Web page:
How the Christian Sex Cult Keeps Electing Men Who Abuse Sex and What the Shortage of Lions in Ancient Rome Has Wrought


So it turns out that (assuming allegations are true) Republican Dennis Hastert, former Speaker of the House and champion of “family values” has been paying large sums of blackmail in order to keep a former male student from revealing that Hastert had a “sexual relationship” with they young man. By now, it’s not even surprising when one or another Republican who got votes and/or prominence by championing “family values” and/or by hating on women, QLTBG people, etc. turns out to have been engaged in the very behavior they declaimed. Josh Duggar. Catholic priests. Larry Craig. Mark Sanford. David Vitter. The list goes on and on.

And one wonders how conservative xian voters can continue to support these people. How can they not realize that they’re being taken as rubes, fed a line of bullshit by people who mouth platitudes but don’t for a moment intend to live by that code? Why do they continue to vote — against their own economic interests — for people who clearly won’t adhere to the sexual code that they claim is so important?

I think that Amanda Marcotte put her finger on the answer (or at least a large part of it) this week. Reacting to the Duggar scandal, Ms. Marcotte wrote:

[W]hat we’re seeing here is an attitude is that makes the religious right functionally a sex cult, especially when it comes to the far-right enclaves such as the Duggar’s. Sex is a demon that haunts their world, and everything in their lives is structured around trying to hold the evil at bay. Sex isn’t treated like a normal part of life that people just do, but [as] this force that controls us and which traps people into a lifelong struggle of self-hatred and fear. Even when they’re trying to put a positive spin on it and talking up the sex they are allowed to like —between married couples— this fear-laced obsessiveness leaks out.

Take, for instance, this interview Cosmo had with the Duggar girls:

Jessa: My parents are pretty good kissers! They very much like to show their kiss in public places, so they kiss in front of us all the time.
Talking about “their kiss” as if it’s an object and not an action? Treating it as an object of display instead of a way to show affection? There’s no authentic pleasure or joy here. It’s just the neurotic behavior of people desperately trying to show their mastery over a force that haunts them day and night, and failing.

The weird part is that this is all a self-created problem. For healthy people, even if sex is a big part of their lives, it doesn’t rule them in this way. Most of us think of it as a fun way to spend time, a good way to share affection, and a physical desire, but it’s not some kind of overpowering force that we can barely get a handle on. Even if you’re really horny! It’s like food[,] or your hobbies[,] or even your job: An important part of your life that you want to give a lot of attention to, but it’s not all-defining in this way.

Seewald mocked the idea that this is “a result of sheltering and repressing human desires”. Well, yes. This obsession with “modesty” and “purity” is a sex obsession. All this forbidding this and that drives up curiosity and creates obsession. Sex becomes the ring from Lord of the Rings and fundies are all a bunch of Gollums. Sex is an important part of life, but it’s not some kind of all-encompassing force that will ruin you if you let it. And I think this whole debacle really drives home which “side” has the healthier understanding of sex.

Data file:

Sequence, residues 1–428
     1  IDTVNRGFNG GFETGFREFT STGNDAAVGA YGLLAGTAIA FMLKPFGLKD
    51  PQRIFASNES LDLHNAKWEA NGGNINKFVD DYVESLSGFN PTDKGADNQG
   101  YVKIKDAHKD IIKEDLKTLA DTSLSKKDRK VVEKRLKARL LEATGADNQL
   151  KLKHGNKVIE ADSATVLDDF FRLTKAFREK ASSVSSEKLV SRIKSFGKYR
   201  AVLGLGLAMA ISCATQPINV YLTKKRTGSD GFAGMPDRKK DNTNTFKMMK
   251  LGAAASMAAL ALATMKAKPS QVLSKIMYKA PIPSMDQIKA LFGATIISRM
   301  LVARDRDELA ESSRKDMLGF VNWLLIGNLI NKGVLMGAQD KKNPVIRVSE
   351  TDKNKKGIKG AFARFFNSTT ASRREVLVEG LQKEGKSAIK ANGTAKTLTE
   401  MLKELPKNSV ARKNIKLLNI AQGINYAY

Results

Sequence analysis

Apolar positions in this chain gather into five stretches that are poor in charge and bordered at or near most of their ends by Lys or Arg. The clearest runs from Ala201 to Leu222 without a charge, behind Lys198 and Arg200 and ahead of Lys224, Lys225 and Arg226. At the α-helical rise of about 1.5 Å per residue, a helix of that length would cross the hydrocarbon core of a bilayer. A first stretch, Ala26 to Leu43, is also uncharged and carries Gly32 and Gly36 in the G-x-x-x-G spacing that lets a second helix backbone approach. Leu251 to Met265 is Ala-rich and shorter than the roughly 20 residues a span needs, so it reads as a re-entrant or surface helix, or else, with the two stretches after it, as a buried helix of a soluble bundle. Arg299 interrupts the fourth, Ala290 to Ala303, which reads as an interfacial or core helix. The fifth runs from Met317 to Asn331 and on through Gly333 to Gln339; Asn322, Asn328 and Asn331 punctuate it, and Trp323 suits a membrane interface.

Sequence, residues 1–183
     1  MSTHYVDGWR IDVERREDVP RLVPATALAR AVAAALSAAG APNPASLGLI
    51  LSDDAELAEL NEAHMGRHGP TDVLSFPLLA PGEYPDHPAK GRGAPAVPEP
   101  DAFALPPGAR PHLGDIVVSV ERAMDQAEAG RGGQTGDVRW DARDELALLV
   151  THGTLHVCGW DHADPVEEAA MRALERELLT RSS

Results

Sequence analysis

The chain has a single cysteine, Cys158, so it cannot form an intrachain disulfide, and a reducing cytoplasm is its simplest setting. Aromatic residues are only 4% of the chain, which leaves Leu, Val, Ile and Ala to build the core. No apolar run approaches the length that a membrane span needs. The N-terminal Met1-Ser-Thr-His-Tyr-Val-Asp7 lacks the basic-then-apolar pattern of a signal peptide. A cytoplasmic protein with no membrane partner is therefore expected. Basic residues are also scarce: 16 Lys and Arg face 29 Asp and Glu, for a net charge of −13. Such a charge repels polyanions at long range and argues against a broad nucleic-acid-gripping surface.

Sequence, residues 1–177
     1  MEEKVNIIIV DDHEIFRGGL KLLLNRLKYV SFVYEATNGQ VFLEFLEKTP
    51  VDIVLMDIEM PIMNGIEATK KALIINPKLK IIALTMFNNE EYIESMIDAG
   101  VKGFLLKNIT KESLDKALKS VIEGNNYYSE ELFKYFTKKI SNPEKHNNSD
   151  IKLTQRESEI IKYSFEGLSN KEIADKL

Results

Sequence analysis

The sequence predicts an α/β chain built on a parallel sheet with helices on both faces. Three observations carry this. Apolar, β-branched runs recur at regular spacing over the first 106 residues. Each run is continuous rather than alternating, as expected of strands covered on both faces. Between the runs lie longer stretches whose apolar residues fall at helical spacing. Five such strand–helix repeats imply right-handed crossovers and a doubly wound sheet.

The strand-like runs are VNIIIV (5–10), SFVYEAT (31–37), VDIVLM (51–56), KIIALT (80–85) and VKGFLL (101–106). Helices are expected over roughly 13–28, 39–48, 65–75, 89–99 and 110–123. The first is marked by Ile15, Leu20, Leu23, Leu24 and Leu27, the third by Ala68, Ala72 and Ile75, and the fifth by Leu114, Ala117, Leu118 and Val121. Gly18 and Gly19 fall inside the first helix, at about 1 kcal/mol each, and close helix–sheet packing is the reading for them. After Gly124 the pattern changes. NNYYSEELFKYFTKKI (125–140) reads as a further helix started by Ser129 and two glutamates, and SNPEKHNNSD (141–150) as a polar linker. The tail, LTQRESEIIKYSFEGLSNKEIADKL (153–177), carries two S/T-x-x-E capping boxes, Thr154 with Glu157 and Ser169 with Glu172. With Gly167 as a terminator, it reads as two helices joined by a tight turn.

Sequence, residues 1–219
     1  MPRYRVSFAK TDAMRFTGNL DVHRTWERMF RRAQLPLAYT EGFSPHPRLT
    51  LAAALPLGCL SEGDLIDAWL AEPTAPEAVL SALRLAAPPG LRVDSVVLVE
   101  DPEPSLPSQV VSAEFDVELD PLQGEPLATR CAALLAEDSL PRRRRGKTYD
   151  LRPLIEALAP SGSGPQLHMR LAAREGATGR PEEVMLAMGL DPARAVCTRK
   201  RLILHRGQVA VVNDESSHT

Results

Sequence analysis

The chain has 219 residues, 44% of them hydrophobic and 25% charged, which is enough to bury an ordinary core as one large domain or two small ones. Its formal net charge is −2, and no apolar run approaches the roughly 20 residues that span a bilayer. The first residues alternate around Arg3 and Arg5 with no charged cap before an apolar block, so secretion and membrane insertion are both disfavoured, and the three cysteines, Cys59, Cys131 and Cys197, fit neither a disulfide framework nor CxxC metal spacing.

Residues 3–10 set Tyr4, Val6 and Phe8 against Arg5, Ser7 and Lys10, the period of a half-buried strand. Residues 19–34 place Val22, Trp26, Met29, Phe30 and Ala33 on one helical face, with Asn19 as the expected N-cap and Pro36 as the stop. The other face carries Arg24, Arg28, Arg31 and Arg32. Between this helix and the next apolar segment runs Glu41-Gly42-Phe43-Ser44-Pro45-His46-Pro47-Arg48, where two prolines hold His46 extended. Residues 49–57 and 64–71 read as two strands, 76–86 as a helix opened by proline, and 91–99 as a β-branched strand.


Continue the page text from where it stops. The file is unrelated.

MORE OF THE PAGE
And I think that explains the willingness to keep on supporting people (and by “people, I mean “men”) who talk the talk about “family values,” but don’t walk the walk. If you see sex as this “force that controls us and which traps people into a lifelong struggle of self-hatred and fear,” then it’s understandable that even leaders such as Mr. Hastert or Mr. Duggar “fall.” Who can blame them? If sex is not just something people do, like eat, and sleep, and hug their friends, and go over spelling words with their children, but is, instead, this huge and almost irresistible temptation, then, of course, “even” members of C Street, and priests, and Speakers of the House “fall.” And Jesus forgives them as soon as they ask, so, whee, they get out of moral jail for free and you can keep voting for them.

I’m not sure what the answer is. Sometimes, I’m tempted to think the shortage of lions in ancient Rome has doomed us all.

Picture found here.

What She Said


I borrowed this from Occult Librarian because I believe that it’s brilliant. And right. And the time is now.

On this Mercury Retrograde, I pray to Hermes for the Koch Brothers. May their communication all go awry and may they undermine their credibility and lose power. May they lose millions and millions of dollars through the market and find themselves without influence. May their lawyers badly drop the ball and may any wrong-doing they have committed come to LIGHT in a way that is fully prosecutable, prosecuted, and which ties up their resources. May they have tongues of lead and fully incriminate themselves of any wrong-doing they have committed in ways that cannot possibly lead to sympathy. Hail Hermes. I pray to you this day.